What differentiates the villains from the heroes in old tales, and even blockbusters that we know of now – is that the villain must only succeed once to achieve their goal. If the villain wishes to cause terror, to take lives, and to exert their will, they need only do it once. Their world ending plan, or their terrorist attack – has to be only be achieved the one time. Terror, is spread easily – peace is a little tougher.

So we must be consistent. Stronger. Unwavering, and unfaltering. It begins not with magnanimous leaders that boast their own narcissism, but with the people who we often forget actually run the world – the people. It can only be achieved on the grand scale that it will, once the small behaviours of the people change. Once people remember to prioritise what they want most, rather than what they want now.

The next time someone skips you in a queue, or walks in front of you – do not storm and pout and get mad about it. Even if it irritates you in the exact moment, work hard to laugh, or joke, and move past it. Do not let the second, dictate the minute. Because very quickly, the minute can dictate the hour, and so on. Big things are only made up of small things, and it is our lack of vigilance on the small things that allows larger things to manifest themselves over time.

Talk about the small things; communicate towards a solution, as they arise. Accept that the solution may not be achieved immediately, but it cannot even begin to be worked upon until stakeholders are even aware that an issue exists. More so; do this with a smile. Do not assume maliciousness, where ignorance will do. If your waiting staff have not cleared away a table you wish to sit at, do not be so arrogant as to assume they are not doing their job, and complain of the terrible service – instead stop for a moment, consider it may be busy, and that by chance in this exact moment you spotted the table you want to sit at, they were dealing with other issues and unfortunately this was not their priority. In fact, if you have worked in the service or retail industry, you know this to be true. Be polite and kind, and with a smile bring it to someone’s attention. Think about it for a moment, from a perspective that is not your own. Imagine you are in their place, and how you would feel if someone spoke to you horribly. Equally, imagine the difference it would make if someone was kind to you, when everyone else was not. Simple actions, behavioural changes and understanding can change the world. You just must apply it to everything, every example that you can.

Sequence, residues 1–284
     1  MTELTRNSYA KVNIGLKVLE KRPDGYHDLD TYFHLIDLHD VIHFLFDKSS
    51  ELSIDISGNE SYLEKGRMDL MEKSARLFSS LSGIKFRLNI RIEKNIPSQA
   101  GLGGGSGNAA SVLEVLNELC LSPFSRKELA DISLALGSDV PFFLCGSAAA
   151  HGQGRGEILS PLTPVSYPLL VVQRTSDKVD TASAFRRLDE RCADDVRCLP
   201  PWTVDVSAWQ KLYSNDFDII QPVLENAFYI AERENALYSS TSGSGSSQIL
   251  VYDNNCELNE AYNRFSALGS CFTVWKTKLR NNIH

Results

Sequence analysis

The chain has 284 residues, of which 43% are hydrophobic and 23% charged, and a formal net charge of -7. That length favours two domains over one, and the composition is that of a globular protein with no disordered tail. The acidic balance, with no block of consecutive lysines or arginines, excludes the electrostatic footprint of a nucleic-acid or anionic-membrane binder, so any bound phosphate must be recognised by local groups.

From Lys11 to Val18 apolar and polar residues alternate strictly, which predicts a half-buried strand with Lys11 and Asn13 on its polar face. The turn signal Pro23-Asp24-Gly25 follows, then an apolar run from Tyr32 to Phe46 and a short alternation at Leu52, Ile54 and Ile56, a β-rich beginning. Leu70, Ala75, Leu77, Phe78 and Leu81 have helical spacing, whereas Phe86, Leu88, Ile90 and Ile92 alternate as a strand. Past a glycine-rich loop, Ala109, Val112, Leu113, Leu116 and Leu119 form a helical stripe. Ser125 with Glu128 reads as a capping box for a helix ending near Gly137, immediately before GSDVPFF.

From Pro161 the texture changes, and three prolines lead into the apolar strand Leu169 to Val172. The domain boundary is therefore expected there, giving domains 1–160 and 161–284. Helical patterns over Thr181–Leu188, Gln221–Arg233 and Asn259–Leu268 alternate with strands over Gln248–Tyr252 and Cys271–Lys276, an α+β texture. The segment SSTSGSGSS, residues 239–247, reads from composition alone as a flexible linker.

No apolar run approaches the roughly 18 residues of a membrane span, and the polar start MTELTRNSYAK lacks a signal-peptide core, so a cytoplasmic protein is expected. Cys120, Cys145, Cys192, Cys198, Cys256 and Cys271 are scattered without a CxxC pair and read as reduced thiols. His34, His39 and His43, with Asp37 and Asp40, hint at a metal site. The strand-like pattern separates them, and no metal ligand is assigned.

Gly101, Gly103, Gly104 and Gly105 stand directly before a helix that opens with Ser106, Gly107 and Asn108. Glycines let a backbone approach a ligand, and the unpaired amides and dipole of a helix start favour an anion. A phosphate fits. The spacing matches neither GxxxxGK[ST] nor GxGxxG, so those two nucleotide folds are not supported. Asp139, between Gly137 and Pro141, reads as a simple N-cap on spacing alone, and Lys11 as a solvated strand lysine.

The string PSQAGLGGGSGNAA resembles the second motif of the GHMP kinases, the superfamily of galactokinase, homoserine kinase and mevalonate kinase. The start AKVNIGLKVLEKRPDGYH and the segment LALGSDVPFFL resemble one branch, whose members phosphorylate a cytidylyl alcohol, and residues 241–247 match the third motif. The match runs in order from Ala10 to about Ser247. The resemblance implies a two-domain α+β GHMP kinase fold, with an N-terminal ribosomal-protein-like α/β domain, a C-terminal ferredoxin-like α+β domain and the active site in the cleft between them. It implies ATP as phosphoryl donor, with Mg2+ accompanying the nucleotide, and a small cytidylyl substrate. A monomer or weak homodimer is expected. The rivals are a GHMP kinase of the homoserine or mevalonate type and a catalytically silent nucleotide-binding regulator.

Say thank you with sincerity. Mean it, no matter who it is, or for what it’s for. As much as we like to believe in a society that there are certain rights we have, which we do not – such as the right to be served at a restaurant – we… don’t. Someone could just say, no.
“I have the right to refuse you, and I do.” So when you are served, when you would like to be – say thank you. And pleases are just basic manners.

Your opinion is not inherently worth more than anyone else. While of course, someone who is actually educated on a subject may have the facts to more accurately represent it, it does not mean they are any more important than the next person who wants to discuss it. Discussion is for everyone, so listen to everyone’s opinion. Do not simply wait for your turn to speak. Listen. Use it to change your own opinion, or cement it. Regardless of what it does, it is almost always certainly worth it, as long as the person on the other end is genuine.

IF we had wished to achieve serenity now, all of these things we should have begun to do a long time ago. But while we must be patient and wait a little longer, and to some degree this can be disheartening, simply remember the following phrase;

“The best time to plant a tree, is twenty years ago. The second best time, is now.”

This will guide you, and remind you that all things worthwhile require persistence, patience, consistency, and sacrifice.

This is all a lot to remember. And a lot to do. But the truth is, the small change in attitude brings about all of the following in turn, a domino effect. Once you approach everything with kindness, and acceptance first, all of your future decisions can be made by you in the moment, rather than requiring guidance, and a list of examples by which you can conduct yourself.

Use advice as your guidelines, not your rule book.

And finally, while peace and a global serenity may not be achieved tomorrow; while it will require an immense amount of effort and forgiveness on all sides; while it will require the removal of pride from the equation and the relinquishment of “the upper hand” of power – you can start today. You can be the best you can be, and as that’s all you can do – you as a human, and the ones you love close to you, can achieve serenity now.